Martin Kadzere-Senior Business Reporter
Some mining activities have left a trail of destruction at the Cold Storage Company (CSC)’s ranch and feed lot in Darwendale where the company used to keep at least 25 000 cattle.
Mining companies owned by both foreigners and locals have set up make shift chrome mines, destroying about 40 percent of the 10 000 hectare farmland, according to initial assessments, but the total area degraded could be larger, officials have said.
CSC is wholly owned by the Government and used to be among the country’s largest employers before its fortunes waned due to a number of factors including loss of key export markets and stiff competition from private players after de-regularisation of the industry in 1994, as a result of the economic structural adjustment programme (ESAP).
Bousteads Beef, an investor working on reviving CSC, entered into a 25-year joint venture agreement with Government in January 2019 under a US$400 million deal, but huge outstanding debts prompted the new investor to immediately file for a business rescue to protect the meat company’s assets from being attached by creditors.
The ranch is now littered with huge heaps of chrome dumps and several flooded mining pits endangering the over 25 000 cattle and people.
“Some have gone and have not made any repairs on the environment,” a Boustead official who declined to be named said because he was not authorised to talk to the media.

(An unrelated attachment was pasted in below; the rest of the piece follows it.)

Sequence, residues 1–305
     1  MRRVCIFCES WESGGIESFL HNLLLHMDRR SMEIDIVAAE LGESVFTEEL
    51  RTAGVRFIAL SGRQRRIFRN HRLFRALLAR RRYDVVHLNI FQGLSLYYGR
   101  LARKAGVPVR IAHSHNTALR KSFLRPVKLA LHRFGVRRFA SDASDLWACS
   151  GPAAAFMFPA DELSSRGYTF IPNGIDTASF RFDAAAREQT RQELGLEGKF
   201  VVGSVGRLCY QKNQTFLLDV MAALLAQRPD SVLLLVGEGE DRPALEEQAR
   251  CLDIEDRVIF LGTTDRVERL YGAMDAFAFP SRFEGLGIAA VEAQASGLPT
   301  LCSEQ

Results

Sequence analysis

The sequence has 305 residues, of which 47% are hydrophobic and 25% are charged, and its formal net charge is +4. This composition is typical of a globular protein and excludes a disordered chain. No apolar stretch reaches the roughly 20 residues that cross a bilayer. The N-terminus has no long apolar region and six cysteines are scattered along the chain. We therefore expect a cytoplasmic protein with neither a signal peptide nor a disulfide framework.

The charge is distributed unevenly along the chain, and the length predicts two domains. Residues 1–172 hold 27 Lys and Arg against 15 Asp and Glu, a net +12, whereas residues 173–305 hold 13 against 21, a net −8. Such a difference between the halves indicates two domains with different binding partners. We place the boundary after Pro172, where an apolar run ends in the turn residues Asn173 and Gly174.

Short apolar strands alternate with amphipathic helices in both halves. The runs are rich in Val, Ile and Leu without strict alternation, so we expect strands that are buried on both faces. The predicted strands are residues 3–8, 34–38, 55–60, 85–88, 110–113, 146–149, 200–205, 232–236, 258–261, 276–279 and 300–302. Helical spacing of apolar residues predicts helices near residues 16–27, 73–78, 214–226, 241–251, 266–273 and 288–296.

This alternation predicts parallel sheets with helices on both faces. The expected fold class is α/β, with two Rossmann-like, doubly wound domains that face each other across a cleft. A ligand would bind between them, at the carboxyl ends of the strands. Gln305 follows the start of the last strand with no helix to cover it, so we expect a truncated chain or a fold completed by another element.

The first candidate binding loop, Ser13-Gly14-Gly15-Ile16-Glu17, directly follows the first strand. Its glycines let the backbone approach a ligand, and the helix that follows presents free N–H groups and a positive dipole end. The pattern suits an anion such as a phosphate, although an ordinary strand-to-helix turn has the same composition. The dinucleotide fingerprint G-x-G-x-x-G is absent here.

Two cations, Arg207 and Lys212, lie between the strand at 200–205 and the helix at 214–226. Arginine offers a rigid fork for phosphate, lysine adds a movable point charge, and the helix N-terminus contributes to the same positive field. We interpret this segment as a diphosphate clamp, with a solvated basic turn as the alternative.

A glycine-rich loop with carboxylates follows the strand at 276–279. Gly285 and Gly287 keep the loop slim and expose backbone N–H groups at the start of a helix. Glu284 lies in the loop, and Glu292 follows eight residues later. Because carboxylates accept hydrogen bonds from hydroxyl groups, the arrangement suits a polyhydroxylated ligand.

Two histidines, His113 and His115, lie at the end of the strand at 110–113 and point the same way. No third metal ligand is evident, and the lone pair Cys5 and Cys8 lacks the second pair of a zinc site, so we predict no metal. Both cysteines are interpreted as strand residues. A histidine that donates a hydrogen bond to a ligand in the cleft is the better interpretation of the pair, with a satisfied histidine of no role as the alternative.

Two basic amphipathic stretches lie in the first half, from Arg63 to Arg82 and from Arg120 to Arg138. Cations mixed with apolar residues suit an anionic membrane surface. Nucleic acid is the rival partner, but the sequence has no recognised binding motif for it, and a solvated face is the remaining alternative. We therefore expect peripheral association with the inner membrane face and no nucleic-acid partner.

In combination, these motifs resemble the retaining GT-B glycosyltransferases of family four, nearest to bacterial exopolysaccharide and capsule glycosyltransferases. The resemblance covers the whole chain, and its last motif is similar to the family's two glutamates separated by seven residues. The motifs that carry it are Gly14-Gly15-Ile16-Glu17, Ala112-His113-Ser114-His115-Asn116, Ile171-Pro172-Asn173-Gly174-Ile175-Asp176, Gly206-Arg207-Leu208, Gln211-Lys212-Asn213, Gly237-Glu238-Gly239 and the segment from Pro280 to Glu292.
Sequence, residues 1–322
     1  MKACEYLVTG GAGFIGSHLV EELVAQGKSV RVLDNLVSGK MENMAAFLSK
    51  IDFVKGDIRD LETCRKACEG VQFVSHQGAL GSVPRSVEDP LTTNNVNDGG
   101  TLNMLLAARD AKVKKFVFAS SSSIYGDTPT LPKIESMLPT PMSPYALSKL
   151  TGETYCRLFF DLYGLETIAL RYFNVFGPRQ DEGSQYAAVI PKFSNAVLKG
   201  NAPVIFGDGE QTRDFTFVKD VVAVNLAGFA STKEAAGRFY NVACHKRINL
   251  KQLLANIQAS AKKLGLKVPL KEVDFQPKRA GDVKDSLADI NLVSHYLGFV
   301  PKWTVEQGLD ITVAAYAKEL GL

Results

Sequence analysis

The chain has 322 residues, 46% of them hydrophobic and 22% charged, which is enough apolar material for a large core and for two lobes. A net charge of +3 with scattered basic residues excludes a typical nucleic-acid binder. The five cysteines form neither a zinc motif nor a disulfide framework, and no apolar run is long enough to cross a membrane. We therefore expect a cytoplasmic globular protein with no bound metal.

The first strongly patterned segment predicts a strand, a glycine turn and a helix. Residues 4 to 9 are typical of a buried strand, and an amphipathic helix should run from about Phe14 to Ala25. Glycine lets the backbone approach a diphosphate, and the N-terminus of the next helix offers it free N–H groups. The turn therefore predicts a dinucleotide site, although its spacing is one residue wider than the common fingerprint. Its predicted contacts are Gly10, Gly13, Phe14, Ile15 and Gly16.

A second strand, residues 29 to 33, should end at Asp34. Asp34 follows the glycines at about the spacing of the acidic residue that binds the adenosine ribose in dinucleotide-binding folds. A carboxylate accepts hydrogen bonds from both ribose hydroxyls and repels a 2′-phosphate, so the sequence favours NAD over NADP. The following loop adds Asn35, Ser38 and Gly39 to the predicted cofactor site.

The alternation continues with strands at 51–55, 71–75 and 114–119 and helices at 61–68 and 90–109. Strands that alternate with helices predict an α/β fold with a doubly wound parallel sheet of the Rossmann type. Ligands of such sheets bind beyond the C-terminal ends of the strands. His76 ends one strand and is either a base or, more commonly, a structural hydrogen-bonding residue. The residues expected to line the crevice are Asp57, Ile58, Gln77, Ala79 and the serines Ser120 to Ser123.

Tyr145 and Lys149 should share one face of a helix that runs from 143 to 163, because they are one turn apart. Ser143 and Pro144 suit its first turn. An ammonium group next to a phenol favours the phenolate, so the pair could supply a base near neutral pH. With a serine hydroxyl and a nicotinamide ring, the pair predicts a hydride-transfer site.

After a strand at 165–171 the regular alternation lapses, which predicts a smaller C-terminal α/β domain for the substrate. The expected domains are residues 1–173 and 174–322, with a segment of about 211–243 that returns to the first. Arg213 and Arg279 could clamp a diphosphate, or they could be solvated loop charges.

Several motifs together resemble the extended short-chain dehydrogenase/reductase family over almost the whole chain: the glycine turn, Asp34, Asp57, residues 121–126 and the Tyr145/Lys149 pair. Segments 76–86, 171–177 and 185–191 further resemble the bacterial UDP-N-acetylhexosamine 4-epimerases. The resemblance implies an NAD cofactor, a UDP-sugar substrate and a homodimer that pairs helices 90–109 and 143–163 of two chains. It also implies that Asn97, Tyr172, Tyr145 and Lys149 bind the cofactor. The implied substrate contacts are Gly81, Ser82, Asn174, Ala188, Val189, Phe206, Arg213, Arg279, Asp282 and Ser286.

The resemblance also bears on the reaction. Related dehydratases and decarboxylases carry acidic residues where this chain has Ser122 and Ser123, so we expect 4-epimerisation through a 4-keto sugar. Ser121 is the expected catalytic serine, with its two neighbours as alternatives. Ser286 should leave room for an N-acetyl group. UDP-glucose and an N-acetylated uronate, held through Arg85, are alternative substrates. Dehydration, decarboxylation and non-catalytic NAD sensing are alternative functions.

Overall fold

“Not only our animals, but even people are now at high risk.”
Mr Reggie Shoko, the Boustead consultant, told The Herald Finance & Business in an interview yesterday that mining activities had to a larger extent made the environment unsuitable for keeping animals because of the dangerous chemicals used.
“It is now more of a disused mine than a ranch,” said Mr Shoko. “We are also experiencing the same problem in our ranches in Chinhoyi and Bulawayo and we don’t know how we are going to separate our agriculture and mining.”
He added that most of the miners were illegal, a claim that could not be verified at the time of going to print.
Some of the alleged illegal miners, including children as young as five, and women, have descended on the ranch where they are extracting residual raw chrome from the dumps.
They are working under extremely dangerous conditions, risking their lives.
“We earn US$10 for every tonne and it takes us about a week to build that quantity,” one of the illegal miners said.
She said she was not aware of who they were working for, but some miners claim “a local businessmen purchased” the dump materials for further processing. “We stockpile the stuff and the “boss” sends his trucks for collection normally after a week,” said the woman, who is in her mid 30s.
Boustead is working on reviving the CSC, but the process has been slow due to a number of reasons including several lawsuits, illegal mining activities on its ranches and labour disputes.